And now began the search for the lost. Pilgrims of the antique wandered through Europe, ransacking convents for the treasures of the past. At this time whatever taste for learning had once existed among the monks appears to have died away. The pilgrims were directed to look in lofts, where rats burrowed under heaps of parchment; or to sift heaps of rubbish lying in the cellar. In such receptacles were found many of those works which are yet read by thousands with delight, and which are endeared to us all by the associations of our boyhood. It was thus that Quintilian was discovered, and, to use the language of the time, was delivered from his long imprisonment in the dungeons of the barbarians. Lucretius was disinterred in Germany; a fragment of Petronius in Britain. Cosmo de' Medici imported books in all languages from all parts of the world. A copyist became Pope, founded the Library of the Vatican, and ordered the translation of the Greek historians and philosophers into Latin. A great reading public now existed; the invention of printing, which a hundred years before would have been useless, spread like fire over Europe, and reduced, by four-fifths, the price of books. The writings of the classical geographers inspired Prince Henry and Columbus. The New World was discovered; the sea-route to India was found. Cairo and Baghdad, the great broker cities between India and Europe, were ruined. As the Indian Ocean, at first the centre of the world, had yielded to the Mediterranean, so now the basin of the Mediterranean was deserted, and the Atlantic became supreme. Italy decayed; Spain and Portugal succeeded to the throne. But those countries were ruined by religious bigotry and commercial monopolies. The trade of Portugal did not belong to the country, but to the court. The trade of Spain was also a monopoly shared between the Crown and certain cities of Castile. The Dutch, the English, and the French obtained free access to the tropical world, and bought the spices of the East with the silver of Peru. And then the great movement for Liberty commenced. All people of the Teutonic race; the Germans, the Swiss, the Dutch, the English and the Scotch, the Danes and the Swedes, cast off the yoke of the Italian supremacy, and some of the superstitions of the Italian creed.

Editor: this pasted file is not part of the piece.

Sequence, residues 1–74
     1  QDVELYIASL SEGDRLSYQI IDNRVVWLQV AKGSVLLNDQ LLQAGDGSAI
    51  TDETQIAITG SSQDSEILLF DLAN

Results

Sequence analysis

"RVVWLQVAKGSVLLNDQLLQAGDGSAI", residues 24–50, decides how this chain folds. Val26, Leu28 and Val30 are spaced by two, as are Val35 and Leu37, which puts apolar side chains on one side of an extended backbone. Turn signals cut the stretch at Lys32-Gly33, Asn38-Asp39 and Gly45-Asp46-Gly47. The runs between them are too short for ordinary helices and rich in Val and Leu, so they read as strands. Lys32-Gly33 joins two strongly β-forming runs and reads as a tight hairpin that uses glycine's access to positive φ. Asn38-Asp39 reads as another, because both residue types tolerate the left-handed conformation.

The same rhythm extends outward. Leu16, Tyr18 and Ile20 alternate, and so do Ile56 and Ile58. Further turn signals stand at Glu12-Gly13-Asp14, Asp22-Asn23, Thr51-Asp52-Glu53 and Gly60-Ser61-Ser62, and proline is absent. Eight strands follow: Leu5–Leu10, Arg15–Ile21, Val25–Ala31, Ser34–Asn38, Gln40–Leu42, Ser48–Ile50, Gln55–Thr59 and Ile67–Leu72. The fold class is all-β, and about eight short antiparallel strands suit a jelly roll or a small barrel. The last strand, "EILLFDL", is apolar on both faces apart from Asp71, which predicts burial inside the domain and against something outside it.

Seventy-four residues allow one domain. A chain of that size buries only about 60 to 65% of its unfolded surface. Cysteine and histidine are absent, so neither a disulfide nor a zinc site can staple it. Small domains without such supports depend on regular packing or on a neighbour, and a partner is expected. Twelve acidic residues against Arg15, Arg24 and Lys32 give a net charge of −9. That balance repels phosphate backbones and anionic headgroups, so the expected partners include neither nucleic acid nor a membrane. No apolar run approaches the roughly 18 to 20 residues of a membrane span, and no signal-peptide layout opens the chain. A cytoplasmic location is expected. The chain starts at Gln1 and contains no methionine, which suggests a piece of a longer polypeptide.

But now a new kind of servitude arose. The kings reduced the burghers of Europe to subjection. The constitutional monarchies of the Middle Ages disappeared. In England alone, owing to its insular position, a standing army was not required for the protection of the land. In England, therefore, the encroachments of the Crown were resisted with success. Two revolutions established the sovereignty of an elected parliament, and saved England from the fate of France. For in that land tyranny had struck its roots far down into the soil, and could not be torn up without the whole land being rent in twain. In Spain, despotism might rule in safety over ignorance; but the French had eaten of the Tree of Knowledge, and they demanded to eat of the Tree of Life. A bread riot became a rebellion; the rebellion became a revolution. Maddened by resistance, frenzied with fear, they made their revolution a massacre. Yet, in spite of mummeries and murders, and irreligious persecutions; in spite of follies perpetrated in the name of Reason, and cruelties committed in the name of Humanity, that revolution regenerated France, and planted principles which spread over the continent of Europe, and which are now bearing fruit in Italy and Spain. With the nineteenth century, a new era of history begins.



Such then is the plain unvarnished story of the human race. We have traced the stream of history to its source in the dark forest; we have followed it downwards through the steppes of the shepherds and the valleys of the great priest peoples; we have swept swiftly along, past pyramids and pagodas, and the brick-piles of Babylon; past the temples of Ionia, and the amphitheatres of Rome; past castles and cathedrals lying opposite to mosques with graceful minaret and swelling dome; and so, onwards and onwards, till towns rise on both sides of the stream; towns sternly walled with sentinels before the gates; so, onwards and onwards, till the stream widens and is covered with ships large as palaces, and towering with sail; till the banks are lined with gardens and villas; and huge cities, no longer walled, hum with industry, and becloud the air; and deserts or barren hills are no longer to be seen; and the banks recede and open out like arms, and the earth-shores dissolve, and we faintly discern the glassy glimmering of the boundless sea. We shall descend to the mouth of the river, we shall explore the unknown waters which lie beyond the present, we shall survey the course which man has yet to run. But before we attempt to navigate the future, let us return for a moment to the past; let us endeavour to ascertain the laws which direct the movements of the stream, and let us visit the ruins which are scattered on its banks.